A Midtown high-rise project that drew disdain from historic preservationists last year has gone back to the drawing board but is still moving forward.
That’s according to a Midtown Development Review Committee agenda for Tuesday that indicates a mixed-use proposal at 1450 West Peachtree Street has shrunk from 20 to 17 stories.
The mix of apartments, hotel rooms, offices, and commercial space would rise over three major Midtown streets (West Peachtree, Spring, and 19th streets), sharing a small block with the historic Winnwood Apartments. It’s being put together by Atlanta-based Tenth Street Ventures and Ryan Companies, a Minneapolis-based developer with mixed-use projects dotted around the country.
The proposal last came before the Midtown DRC in October.
Since then, in addition to the reduction in overall height, the project’s number of residential units has dropped by 32—from 171 to 139 proposed now. The amount of commercial, retail, and restaurant space has also been slashed.
Other components—149 hotel rooms and 6,600 square feet of coworking space—have gotten slightly larger. A small café and public fitness center spanning 5,000 square feet would also be included, according to the DRC agenda.
Another significant change: The proposed adaptive-reuse conversion of the Master Mind Thinker Building next door is no longer on the table. Tenth Street Ventures’ plans had called for turning that office building into a café, lobby for apartments and the hotel, and commercial spaces on upper floors with rooftop seating.
When the 1450 West Peachtree venture first emerged last autumn, officials with Atlanta Preservation Center, the city’s leading preservationist group, shared concerns a project of such scope would literally overshadow and negatively impact the neighboring, historic apartment complex, which is being converted to more affordable rentals.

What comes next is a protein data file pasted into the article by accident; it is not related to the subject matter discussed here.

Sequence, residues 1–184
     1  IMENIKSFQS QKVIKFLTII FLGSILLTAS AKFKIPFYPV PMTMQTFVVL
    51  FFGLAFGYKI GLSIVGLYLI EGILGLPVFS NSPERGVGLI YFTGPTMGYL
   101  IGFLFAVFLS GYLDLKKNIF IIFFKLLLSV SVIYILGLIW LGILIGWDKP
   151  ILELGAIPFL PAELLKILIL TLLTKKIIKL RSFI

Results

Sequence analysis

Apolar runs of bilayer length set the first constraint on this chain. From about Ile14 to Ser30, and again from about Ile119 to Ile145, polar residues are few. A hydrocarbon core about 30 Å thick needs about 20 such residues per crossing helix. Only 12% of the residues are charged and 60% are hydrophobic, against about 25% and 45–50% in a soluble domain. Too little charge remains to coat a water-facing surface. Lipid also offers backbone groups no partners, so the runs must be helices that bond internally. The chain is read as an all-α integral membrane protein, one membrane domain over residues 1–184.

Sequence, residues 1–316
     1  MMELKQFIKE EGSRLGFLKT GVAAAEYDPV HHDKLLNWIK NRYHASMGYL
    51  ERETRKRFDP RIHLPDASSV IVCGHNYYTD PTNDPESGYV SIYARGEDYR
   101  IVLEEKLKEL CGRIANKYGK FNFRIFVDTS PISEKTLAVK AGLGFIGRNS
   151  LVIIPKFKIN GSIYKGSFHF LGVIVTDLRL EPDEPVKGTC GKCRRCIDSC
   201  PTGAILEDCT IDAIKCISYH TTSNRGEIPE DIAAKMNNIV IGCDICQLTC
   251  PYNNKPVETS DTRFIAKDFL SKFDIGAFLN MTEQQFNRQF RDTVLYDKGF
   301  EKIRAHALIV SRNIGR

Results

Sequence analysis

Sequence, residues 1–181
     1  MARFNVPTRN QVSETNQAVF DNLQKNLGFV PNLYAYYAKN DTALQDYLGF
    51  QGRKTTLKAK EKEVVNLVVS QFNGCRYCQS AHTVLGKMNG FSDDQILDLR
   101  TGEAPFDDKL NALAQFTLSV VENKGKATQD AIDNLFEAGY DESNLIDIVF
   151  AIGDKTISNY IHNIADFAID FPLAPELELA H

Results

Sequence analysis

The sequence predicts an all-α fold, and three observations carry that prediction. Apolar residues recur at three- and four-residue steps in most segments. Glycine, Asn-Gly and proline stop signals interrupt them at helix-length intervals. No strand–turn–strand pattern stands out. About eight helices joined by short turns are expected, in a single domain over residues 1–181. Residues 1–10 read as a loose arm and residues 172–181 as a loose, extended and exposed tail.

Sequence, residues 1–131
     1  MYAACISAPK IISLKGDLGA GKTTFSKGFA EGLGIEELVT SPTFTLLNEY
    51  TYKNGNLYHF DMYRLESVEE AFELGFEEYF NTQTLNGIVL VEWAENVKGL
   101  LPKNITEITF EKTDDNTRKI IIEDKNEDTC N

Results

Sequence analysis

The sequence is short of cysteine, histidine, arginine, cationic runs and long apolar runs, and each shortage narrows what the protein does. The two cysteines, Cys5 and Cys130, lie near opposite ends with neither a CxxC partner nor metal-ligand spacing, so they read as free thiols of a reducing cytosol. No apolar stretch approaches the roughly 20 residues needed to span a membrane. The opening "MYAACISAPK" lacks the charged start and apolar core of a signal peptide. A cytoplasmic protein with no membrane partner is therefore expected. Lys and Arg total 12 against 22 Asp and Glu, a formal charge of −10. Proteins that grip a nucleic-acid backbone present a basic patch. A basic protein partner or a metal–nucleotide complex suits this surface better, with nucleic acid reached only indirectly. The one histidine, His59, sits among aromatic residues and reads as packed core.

The new tower would surround on two sides the U-shaped, historically protected Winnwood Apartments that have stood since 1931. That two-story brick structure was built in a Georgian Revival style by prominent Atlanta firm H.W. Nicholes and Sons, and it remains one of the last examples of the architecture type left standing in the city, according to preservation organization Easements Atlanta.
Behind the apartments today is a one-story, multi-stall garage built of brick and wood, also more than 90 years old, that development plans called for razing. APC leaders argued that the parking structure was helping the apartment conversion next door to viably provide “needed middle housing” while adding no new parking to the urbanizing district.
The Winnwood Apartments were once controlled by Tenth Street Ventures, too, but when four of the company’s managing partners split off to form a development firm called Urban Landings in 2021, the old rentals transferred with them. Now, Urban Landings has partnered with GBX and Easements Atlanta to refurbish and reconfigure the 90-year-old apartments into roughly 50 units—all micro apartments and one-bedrooms that officials have promised will be relatively affordable for the area.
Tenth Street Ventures has experience in reviving older apartment buildings in Buckhead, Midtown, and now Hunter Hills. As of October, the company had hoped to break ground on West Peachtree Street within a year to 18 months. The project—at least in its early incarnation—was expected to cost roughly $100 million.
Midtown DRC, an appointed board, vets development proposals and provides recommendations to the city’s Office of Planning. Tuesday’s in-person monthly meeting, the first of 2023, is scheduled for 5 p.m., with 1450 West Peachtree Street being one of two projects on the agenda.
Follow us on social media:
• Midtown news, discussion (Urbanize Atlanta)